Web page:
Tag Archives: cocoon strippings

Make your own Silk Paper – the Ironing Method

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handmade silk paper – probably made by the wet method

There are two basic ways to make silk paper, the wet method and the ironing method.  The wet method involves soaking all your ingredients in a ‘bath’, and dipping a framed gauze grid into it, which you allow to dry into a sheet of paper.  This method is the ‘usual’ way to make all handmade paper, often from cotton rags or recycled paper strips.

The ironing method is for gummed silk only – the natural gum in unwashed silk fibres, bonds the fibres together, when sprayed with water and then heated with an ordinary iron.

I wrote the tutorial below a couple of years ago, and am copying it here again, because some of you might like to try it out – and if you give it a try now, you’ll probably find that you get hooked, and can make some lovely gift items in time for Christmas.

Of course the other reason I’m repeating it, is that I have put together a pack of all the fibres you will need to try this method out – available for sale on both ebay & etsy – £9.99. (If you buy from etsy – see my special offer for free postage HERE.). I’ll be listing the individual silk fibres as well in the next few days, so that you can choose which ones you want to use, without buying the kit.

A4 silk ironing pack_Fotor

A4 pack with everything you need – £9.99

My first attempts are recorded in this tutorial, and I have to say, that they aren’t all that special – hopefully,  I will get better at it, now I have a proper work table, and can have another try!

Please do send me pictures of your own attempts – it would be great to see them, and when I have enough from more than three or four of my customers, I’ll put them all up in another blog post, so that we can all learn from each other – smile.

I also intend to put up another blog with a tutorial on the wet method of making silk paper – so do check back here – or even better, why don’t you sign up to follow this blog! (see the options in the column on the right of this text – if you are viewing this on your phone, you may not be able to see it without some adjustments- smile)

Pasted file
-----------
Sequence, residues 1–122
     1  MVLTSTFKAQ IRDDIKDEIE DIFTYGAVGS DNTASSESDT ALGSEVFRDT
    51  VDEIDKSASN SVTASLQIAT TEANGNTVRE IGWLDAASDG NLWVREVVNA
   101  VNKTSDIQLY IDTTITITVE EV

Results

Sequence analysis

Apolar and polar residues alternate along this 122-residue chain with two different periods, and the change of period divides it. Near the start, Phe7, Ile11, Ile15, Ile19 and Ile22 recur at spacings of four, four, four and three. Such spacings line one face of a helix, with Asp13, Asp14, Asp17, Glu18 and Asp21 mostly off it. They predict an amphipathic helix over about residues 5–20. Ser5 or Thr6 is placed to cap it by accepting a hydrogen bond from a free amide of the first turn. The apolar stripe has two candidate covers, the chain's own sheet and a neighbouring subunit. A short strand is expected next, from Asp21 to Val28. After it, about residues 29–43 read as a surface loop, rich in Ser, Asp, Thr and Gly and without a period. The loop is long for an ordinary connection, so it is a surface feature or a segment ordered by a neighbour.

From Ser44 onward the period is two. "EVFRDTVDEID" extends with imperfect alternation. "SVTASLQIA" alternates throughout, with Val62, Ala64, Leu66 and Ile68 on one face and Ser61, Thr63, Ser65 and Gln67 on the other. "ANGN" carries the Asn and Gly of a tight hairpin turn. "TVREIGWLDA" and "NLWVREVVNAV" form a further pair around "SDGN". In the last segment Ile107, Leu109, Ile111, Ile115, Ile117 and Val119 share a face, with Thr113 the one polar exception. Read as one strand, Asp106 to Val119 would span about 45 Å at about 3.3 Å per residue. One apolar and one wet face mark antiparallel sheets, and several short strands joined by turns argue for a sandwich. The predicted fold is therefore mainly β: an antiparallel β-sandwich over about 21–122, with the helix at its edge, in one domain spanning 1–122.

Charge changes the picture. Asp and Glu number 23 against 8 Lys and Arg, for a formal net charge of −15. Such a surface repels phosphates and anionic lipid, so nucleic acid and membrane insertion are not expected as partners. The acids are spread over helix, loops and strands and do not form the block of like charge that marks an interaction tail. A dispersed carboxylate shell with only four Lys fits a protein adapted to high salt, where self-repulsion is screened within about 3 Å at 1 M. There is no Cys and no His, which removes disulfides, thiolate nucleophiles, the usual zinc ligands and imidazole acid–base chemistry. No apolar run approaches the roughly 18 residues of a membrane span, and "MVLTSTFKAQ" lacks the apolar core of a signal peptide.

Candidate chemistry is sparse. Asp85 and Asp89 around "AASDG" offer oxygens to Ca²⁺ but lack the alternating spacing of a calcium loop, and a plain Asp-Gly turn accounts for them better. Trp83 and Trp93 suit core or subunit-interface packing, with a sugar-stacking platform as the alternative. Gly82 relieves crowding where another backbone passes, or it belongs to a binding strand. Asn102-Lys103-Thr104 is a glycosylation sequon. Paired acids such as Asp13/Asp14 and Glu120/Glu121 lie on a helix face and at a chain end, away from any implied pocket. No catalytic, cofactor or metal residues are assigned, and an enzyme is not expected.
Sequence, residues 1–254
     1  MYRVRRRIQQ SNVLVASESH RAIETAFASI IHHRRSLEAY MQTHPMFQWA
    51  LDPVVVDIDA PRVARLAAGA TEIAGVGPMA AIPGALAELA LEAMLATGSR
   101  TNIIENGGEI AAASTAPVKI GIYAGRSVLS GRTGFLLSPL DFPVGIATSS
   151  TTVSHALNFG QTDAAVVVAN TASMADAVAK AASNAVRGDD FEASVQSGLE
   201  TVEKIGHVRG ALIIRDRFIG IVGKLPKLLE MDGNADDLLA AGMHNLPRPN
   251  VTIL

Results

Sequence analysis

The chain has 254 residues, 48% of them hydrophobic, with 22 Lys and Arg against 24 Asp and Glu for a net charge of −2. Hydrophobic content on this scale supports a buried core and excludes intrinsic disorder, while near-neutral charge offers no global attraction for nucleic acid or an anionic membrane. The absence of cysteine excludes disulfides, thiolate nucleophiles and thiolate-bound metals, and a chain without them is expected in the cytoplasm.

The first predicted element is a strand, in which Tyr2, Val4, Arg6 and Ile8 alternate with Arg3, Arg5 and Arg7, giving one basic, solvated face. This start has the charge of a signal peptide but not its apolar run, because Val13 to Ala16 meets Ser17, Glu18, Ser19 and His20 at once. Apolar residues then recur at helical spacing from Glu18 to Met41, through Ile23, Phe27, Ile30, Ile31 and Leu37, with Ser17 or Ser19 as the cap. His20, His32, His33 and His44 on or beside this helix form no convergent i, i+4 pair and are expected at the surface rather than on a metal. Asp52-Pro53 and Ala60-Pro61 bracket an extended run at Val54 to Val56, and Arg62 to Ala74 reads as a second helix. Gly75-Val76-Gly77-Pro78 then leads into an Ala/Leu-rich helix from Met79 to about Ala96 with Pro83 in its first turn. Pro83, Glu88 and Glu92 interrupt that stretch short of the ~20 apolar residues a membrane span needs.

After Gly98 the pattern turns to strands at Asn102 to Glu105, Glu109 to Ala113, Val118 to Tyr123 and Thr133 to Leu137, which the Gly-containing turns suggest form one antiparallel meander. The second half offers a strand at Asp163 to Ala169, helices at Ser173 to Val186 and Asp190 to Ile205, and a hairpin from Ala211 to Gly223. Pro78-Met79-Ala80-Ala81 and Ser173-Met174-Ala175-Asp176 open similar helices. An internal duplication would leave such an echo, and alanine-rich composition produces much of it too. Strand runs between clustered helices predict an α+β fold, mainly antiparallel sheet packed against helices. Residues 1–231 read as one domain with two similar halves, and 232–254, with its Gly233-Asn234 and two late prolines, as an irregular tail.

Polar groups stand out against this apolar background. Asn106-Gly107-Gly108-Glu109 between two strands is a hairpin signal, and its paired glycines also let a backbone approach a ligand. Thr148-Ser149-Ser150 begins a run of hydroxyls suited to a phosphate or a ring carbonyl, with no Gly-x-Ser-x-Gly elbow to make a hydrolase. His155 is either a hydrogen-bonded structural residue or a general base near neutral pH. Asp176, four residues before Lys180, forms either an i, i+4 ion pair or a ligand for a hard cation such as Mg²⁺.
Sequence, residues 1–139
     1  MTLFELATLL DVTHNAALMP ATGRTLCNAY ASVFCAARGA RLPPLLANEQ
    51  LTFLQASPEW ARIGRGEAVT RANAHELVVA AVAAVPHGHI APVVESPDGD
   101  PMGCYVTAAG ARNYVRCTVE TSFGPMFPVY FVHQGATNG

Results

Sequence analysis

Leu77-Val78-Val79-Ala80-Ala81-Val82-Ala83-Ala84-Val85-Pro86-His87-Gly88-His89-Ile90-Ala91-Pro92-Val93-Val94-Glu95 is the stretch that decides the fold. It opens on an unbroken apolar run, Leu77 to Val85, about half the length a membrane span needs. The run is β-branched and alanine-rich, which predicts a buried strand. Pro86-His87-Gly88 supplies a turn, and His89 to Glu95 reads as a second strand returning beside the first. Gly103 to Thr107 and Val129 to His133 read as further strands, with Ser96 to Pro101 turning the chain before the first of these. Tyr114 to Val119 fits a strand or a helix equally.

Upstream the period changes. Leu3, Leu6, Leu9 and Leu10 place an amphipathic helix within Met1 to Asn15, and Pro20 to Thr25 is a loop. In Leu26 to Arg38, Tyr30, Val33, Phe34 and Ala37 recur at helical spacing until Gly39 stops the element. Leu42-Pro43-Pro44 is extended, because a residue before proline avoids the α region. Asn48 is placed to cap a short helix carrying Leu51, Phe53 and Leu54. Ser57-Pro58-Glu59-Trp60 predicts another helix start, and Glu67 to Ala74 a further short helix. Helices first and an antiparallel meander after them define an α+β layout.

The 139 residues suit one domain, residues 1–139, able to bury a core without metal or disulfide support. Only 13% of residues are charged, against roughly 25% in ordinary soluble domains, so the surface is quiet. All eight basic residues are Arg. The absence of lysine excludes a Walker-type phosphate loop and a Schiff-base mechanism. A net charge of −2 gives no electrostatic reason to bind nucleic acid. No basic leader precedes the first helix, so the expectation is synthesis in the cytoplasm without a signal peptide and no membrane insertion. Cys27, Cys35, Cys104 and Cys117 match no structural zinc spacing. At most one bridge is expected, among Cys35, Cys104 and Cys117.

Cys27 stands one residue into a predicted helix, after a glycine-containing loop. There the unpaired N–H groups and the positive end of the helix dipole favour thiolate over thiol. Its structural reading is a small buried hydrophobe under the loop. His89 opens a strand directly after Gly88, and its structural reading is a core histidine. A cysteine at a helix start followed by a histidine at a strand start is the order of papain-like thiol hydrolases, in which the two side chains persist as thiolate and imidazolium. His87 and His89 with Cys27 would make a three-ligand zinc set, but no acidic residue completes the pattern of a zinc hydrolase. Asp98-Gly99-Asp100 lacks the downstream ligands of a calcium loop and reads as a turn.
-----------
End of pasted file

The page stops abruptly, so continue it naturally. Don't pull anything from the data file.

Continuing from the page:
Make Your Own Silk Paper – The Ironing Method

DSCF1868Its actually very easy to make paper out of silk, and you can get some beautiful results very quickly if you use the Ironing Method.

I tried out a few variations, and made a few mistakes, and I would suggest that you work on the trial and error method too, and work out what you prefer.

There are various uses for this handmade silk paper, and you can make is as thin or thick as you like.  Thick paper can be used for book covers and even writing paper, and can be painted or embellished and embroidered after its dry, and cut to any size you want.

The thin paper is great to add to any art textile design piece, and is especially dramatic as a window within a greetings card.   You can also make beads by rolling strips of the paper and varnishing them – so I hope this gives you some ideas for xmas gifts!

You will need:

IMG_2605silk cocoon strippings (unwashed and still containing the natural gum, that the silkworms used to make the cocoons, which is what makes this method possible)

and/or

 

throwsters wastesilk throwsters waste (again unwashed – this comes in white or various colours)

 

 

silk hankies

matawa silk hankies (these are unwrapped cocoons spread out into hemmed squares – see my post on silk worms)

other odds and ends to add in when you are making the paper, such as bits of silk carrier rods, cut silk fibres, pieces of silk lap, washed throwsters waste, glitter, small beads or anything else that takes your fancy!

an iron and board or table

non stick greaseproof baking paper – must be non stick otherwise you won’t be able to peel the paper off

small spray bottle filled with ordinary water

I have put together a pack with the basics for you…depending of what size you make, it should be enough for 5- 10 pieces. See above for how to buy it!

 

Instructions:

DSCF1844Cut two pieces of the baking paper and lay one on your ironing surface, then pull out strands of the silk cocoon strippings and lay in a thin rough circle or square on top of the baking paper.

 

 

 

 

 

DSCF1847Then spray with water and place the other sheet of baking paper on top and iron the sandwich.

 

 

 

 

 

 

 

DSCF1845Lift the top paper and add some more silk strippings, and repeat as above.  You can continue this process until you get the thickness you want – or you can …..

 

 

 

 

 

DSCF1866….. add one thin silk hankie on top of the ironed silk, then another thin layer of the silk strippings, spray and iron.  The silk hankie does not contain gum so you need to add the strippings to fuse them.